Molecular evolution of bacterial β-lactam resistance

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Abstract

Background: Two groups of penicillin-destroying enzymes, the class A and class C β-lactamases, may have evolved from bacterial transpeptidases that transfer x-D-Ala-o-Ala peptides to the growing peptidoglycan during cell wall synthesis. Both the transpeptidases and the β-lactamases are acylated by β- lactam antibiotics such as penicillin, which mimic the peptide, but breakdown and removal of the antibiotic is much faster in the β-lactamases, which lack the ability to process D-Ala-D-Ala peptides. Stereochemical factors driving this evolution in specificity are examined. Results: We have compared the crystal structures of two classes of β-lactamases and a β-lactam-sensitive D-alanyl-D-alanine carboxypeptidase/transpeptidase (DD-peptidase). The class C β-lactamase is more similar to the DD-peptidase than to another β- lactamase of class A. Conclusions: The two classes of β lactamases appear to have developed from an ancestral protein along separate evolutionary paths. Structural differentiation of the β-lactamases from the DD-peptidases appears to follow differences in substrate shapes. The structure of the class A β-lactamase has been further optimized to exclude D-alanyl peptides and process penicillin substrates with near catalytic perfection.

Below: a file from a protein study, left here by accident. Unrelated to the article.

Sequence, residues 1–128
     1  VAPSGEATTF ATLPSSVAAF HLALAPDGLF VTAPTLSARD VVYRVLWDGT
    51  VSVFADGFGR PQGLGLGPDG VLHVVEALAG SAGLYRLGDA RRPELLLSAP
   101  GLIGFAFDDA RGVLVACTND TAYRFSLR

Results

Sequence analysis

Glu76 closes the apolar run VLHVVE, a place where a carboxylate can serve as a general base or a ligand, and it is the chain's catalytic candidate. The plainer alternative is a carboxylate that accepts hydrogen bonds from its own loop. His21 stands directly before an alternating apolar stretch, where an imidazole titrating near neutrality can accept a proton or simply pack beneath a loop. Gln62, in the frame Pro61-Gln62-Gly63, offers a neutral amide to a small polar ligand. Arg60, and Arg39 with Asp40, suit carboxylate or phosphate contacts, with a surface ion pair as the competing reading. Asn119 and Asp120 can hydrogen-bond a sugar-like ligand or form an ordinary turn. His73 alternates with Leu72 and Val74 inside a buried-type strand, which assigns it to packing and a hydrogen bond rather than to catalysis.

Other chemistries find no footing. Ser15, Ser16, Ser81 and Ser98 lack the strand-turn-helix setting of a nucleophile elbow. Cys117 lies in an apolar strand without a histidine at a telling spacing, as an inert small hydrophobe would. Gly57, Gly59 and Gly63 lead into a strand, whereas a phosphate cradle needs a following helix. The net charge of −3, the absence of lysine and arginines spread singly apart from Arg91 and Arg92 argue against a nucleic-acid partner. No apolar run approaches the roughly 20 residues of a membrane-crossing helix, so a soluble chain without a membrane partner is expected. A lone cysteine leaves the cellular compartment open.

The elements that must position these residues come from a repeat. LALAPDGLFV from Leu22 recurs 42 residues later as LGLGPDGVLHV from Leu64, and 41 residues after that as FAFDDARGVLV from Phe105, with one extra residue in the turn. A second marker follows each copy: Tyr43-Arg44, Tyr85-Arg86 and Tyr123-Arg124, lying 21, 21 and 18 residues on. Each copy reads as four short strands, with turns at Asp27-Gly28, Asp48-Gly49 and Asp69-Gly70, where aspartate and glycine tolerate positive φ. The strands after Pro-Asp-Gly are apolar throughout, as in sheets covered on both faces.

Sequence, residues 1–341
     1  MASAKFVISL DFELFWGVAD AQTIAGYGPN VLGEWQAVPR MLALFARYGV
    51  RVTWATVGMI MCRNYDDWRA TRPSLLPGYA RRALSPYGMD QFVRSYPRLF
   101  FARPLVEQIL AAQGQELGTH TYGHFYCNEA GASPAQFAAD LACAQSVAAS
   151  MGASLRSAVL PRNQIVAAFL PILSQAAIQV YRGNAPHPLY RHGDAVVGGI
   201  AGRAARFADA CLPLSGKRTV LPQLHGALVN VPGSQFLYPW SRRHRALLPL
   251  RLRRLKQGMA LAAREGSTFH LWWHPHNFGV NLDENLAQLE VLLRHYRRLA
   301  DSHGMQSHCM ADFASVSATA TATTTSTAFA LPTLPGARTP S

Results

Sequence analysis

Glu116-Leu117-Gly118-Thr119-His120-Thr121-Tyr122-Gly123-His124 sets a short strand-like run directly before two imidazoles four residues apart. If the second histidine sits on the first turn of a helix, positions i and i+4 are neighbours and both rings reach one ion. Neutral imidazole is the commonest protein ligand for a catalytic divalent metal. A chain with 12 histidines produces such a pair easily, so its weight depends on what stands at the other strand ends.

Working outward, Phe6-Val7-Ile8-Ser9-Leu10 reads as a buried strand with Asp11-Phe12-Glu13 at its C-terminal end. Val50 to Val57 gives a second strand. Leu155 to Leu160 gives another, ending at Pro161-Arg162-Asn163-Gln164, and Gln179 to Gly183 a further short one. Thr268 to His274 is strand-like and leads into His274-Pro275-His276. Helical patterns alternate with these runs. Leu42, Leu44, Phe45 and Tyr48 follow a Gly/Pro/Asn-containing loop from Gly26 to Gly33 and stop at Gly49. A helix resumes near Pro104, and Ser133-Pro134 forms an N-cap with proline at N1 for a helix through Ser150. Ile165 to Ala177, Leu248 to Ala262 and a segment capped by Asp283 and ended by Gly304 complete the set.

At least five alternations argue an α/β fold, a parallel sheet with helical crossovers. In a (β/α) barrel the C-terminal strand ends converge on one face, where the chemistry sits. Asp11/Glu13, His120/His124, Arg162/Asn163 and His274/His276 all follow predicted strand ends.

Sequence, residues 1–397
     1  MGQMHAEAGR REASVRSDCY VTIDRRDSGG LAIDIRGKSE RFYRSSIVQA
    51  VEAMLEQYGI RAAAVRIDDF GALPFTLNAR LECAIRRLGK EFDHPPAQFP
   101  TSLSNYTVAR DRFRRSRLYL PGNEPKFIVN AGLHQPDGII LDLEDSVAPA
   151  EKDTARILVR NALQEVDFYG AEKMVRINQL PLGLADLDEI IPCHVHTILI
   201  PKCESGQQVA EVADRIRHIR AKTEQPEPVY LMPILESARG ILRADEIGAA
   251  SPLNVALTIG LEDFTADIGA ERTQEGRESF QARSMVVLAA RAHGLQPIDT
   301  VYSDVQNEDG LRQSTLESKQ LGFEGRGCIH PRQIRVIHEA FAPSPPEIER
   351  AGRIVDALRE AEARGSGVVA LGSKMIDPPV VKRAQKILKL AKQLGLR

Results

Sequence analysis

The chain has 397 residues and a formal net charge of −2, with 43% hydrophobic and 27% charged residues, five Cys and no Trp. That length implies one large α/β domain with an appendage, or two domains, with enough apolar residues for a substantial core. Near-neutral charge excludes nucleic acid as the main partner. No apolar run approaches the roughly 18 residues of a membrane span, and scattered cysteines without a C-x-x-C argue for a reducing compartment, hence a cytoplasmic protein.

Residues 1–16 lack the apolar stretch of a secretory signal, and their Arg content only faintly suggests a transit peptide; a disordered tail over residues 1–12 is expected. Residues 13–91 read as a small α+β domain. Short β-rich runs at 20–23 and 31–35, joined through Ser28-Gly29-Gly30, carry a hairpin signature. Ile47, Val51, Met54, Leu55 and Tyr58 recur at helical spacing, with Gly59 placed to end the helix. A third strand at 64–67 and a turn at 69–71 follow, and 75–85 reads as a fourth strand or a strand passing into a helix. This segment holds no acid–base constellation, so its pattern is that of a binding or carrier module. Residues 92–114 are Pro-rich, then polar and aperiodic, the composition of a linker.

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Knox, J. R., Moews, P. C., & Frere, J. M. (1996). Molecular evolution of bacterial β-lactam resistance. Chemistry and Biology, 3(11), 937–947. https://doi.org/10.1016/S1074-5521(96)90182-9

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